May 2008 Archives
If you're a student, or a young designer building a client list and a career, you've probably given more than a little thought to how to position yourself and your work in terms of the increasing emphasis the world of design is placing on social responsibility. Perhaps you already take on pro bono work for worthy local social, environmental or political organizations and causes. While engaging at the local level is very important, also worth considering are the many cause-driven design contests that operate at a national or international level, notable among which is the annual Good 50×70 poster project.
Compendiums of recent design work typically begin with carefully-written introductions that labor, often too hard, to stitch together the work that is to follow into some kind of a coherent whole. Lemon Poppy Seed: Multitasking Creativity, a recent title from the never-boring German publisher Gestalten Verlag, doesn't fall into this trap.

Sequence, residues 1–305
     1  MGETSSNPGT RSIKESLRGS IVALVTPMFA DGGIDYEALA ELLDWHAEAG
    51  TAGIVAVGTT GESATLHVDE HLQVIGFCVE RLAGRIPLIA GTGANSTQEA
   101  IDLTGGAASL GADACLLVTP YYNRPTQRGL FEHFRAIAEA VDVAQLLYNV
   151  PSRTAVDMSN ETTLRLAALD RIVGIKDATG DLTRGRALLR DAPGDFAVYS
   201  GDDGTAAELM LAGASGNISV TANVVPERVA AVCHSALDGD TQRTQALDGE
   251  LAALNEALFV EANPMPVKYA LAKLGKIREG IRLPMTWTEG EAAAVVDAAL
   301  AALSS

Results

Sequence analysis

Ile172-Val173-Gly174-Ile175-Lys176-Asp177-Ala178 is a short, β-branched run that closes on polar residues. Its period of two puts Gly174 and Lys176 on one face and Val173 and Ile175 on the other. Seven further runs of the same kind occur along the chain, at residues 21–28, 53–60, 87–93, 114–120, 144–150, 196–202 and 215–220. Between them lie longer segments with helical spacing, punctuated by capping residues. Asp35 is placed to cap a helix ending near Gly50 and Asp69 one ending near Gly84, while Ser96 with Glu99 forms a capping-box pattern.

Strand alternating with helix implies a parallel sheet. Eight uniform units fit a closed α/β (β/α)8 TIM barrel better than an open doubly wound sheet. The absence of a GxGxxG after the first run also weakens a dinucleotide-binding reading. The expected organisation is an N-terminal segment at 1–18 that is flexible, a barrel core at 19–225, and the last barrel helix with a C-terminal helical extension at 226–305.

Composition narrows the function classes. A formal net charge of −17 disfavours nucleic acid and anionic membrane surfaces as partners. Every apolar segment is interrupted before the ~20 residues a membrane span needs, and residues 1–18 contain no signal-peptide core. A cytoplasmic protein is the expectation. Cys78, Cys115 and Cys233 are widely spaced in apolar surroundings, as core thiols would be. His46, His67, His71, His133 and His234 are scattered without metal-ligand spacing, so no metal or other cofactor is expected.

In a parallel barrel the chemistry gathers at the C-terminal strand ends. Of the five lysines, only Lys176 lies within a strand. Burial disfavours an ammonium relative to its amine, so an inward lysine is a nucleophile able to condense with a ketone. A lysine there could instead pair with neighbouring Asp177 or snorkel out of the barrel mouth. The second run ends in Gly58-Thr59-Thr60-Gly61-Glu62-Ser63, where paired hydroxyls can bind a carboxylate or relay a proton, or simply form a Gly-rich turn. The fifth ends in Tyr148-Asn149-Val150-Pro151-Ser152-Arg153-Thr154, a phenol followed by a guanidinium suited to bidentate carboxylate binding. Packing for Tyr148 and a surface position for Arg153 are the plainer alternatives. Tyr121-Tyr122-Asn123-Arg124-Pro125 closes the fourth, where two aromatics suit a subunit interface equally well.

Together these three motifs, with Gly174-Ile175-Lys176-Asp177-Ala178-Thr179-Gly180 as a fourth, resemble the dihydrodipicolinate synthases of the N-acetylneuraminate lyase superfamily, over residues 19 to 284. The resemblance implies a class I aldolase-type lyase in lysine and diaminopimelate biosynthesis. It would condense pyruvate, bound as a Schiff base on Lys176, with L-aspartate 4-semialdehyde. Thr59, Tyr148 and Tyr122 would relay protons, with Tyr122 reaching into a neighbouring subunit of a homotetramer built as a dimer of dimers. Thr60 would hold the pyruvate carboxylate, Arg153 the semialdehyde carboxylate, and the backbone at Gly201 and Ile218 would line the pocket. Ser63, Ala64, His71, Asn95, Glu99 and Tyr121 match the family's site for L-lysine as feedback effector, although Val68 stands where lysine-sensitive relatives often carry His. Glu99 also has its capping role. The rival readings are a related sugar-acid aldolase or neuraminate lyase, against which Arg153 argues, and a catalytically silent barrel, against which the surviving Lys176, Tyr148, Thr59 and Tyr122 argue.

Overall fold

There's something intriguing about a daily, self-imposed task that imposes formal constraints but which is flexible enough that creative exploration is possible. More than possible—the work is actually stimulated by the rigors of the premise. Luc Grateau's paintings of commuters rendered on Paris subway tickets are a perfect example. And closer to home is Stefan G. Bucher's playful series of Daily Monsters, which recently concluded with number 200.